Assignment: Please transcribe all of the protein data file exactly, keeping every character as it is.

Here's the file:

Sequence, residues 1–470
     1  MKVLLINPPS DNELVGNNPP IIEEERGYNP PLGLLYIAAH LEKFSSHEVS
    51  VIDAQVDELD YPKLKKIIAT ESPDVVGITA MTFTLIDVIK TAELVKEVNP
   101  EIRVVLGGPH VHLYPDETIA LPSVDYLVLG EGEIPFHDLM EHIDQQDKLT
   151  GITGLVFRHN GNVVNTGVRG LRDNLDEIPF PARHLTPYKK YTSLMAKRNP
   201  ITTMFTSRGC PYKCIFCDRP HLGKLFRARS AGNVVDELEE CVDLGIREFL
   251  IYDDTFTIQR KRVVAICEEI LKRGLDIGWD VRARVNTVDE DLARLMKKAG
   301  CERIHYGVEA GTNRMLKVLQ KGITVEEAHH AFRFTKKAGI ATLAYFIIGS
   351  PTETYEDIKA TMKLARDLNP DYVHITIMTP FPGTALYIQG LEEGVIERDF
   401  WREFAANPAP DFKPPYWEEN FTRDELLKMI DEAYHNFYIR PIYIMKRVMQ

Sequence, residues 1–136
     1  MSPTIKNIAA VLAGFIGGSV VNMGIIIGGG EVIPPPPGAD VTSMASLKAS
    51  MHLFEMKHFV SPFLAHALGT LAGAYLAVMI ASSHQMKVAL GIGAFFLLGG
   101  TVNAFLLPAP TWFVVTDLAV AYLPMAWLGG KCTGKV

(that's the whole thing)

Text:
Sequence, residues 1–470
     1  MKVLLINPPS DNELVGNNPP IIEEERGYNP PLGLLYIAAH LEKFSSHEVS
    51  VIDAQVDELD YPKLKKIIAT ESPDVVGITA MTFTLIDVIK TAELVKEVNP
   101  EIRVVLGGPH VHLYPDETIA LPSVDYLVLG EGEIPFHDLM EHIDQQDKLT
   151  GITGLVFRHN GNVVNTGVRG LRDNLDEIPF PARHLTPYKK YTSLMAKRNP
   201  ITTMFTSRGC PYKCIFCDRP HLGKLFRARS AGNVVDELEE CVDLGIREFL
   251  IYDDTFTIQR KRVVAICEEI LKRGLDIGWD VRARVNTVDE DLARLMKKAG
   301  CERIHYGVEA GTNRMLKVLQ KGITVEEAHH AFRFTKKAGI ATLAYFIIGS
   351  PTETYEDIKA TMKLARDLNP DYVHITIMTP FPGTALYIQG LEEGVIERDF
   401  WREFAANPAP DFKPPYWEEN FTRDELLKMI DEAYHNFYIR PIYIMKRVMQ

Sequence, residues 1–136
     1  MSPTIKNIAA VLAGFIGGSV VNMGIIIGGG EVIPPPPGAD VTSMASLKAS
    51  MHLFEMKHFV SPFLAHALGT LAGAYLAVMI ASSHQMKVAL GIGAFFLLGG
   101  TVNAFLLPAP TWFVVTDLAV AYLPMAWLGG KCTGKV